, C++C++C++ is a statically typed, free-form, multi-paradigm, compiled, general-purpose programming language. It is regarded as an intermediate-level language, as it comprises a combination of both high-level and low-level language features. It was developed by Bjarne Stroustrup starting in 1979 at Bell...

, Common LispCommon LispCommon Lisp, commonly abbreviated CL, is a dialect of the Lisp programming language, published in ANSI standard document ANSI INCITS 226-1994 , . From the ANSI Common Lisp standard the Common Lisp HyperSpec has been derived for use with web browsers...

, Object PascalObject PascalObject Pascal refers to a branch of object-oriented derivatives of Pascal, mostly known as the primary programming language of Embarcadero Delphi.-Early history at Apple:...

.

- Procedural programming
- Most languages using less common paradigms
- FunctionalFunctional programmingIn computer science, functional programming is a programming paradigm that treats computation as the evaluation of mathematical functions and avoids state and mutable data. It emphasizes the application of functions, in contrast to the imperative programming style, which emphasizes changes in state...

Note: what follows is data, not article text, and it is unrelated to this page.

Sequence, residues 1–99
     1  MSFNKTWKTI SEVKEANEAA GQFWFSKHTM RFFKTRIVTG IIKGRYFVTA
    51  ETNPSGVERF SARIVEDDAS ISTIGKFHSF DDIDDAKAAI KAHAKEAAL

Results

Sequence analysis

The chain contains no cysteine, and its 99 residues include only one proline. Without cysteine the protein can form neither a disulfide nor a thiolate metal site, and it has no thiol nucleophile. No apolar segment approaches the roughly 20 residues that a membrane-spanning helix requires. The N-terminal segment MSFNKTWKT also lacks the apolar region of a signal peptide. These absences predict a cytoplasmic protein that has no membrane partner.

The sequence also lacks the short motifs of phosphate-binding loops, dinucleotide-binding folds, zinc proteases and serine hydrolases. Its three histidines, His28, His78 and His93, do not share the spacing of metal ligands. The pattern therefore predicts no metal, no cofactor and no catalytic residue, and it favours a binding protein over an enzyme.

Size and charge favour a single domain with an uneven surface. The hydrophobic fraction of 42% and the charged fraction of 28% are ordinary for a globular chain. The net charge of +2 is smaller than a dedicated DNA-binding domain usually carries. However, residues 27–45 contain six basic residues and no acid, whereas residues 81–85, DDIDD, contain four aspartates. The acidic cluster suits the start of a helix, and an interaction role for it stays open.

languages such as Lisp and HaskellHaskell (programming language)Haskell is a standardized, general-purpose purely functional programming language, with non-strict semantics and strong static typing. It is named after logician Haskell Curry. In Haskell, "a function is a first-class citizen" of the programming language. As a functional programming language, the...

. - Logic programmingLogic programmingLogic programming is, in its broadest sense, the use of mathematical logic for computer programming. In this view of logic programming, which can be traced at least as far back as John McCarthy's [1958] advice-taker proposal, logic is used as a purely declarative representation language, and a...

languages such as PrologPrologProlog is a general purpose logic programming language associated with artificial intelligence and computational linguistics.Prolog has its roots in first-order logic, a formal logic, and unlike many other programming languages, Prolog is declarative: the program logic is expressed in terms of...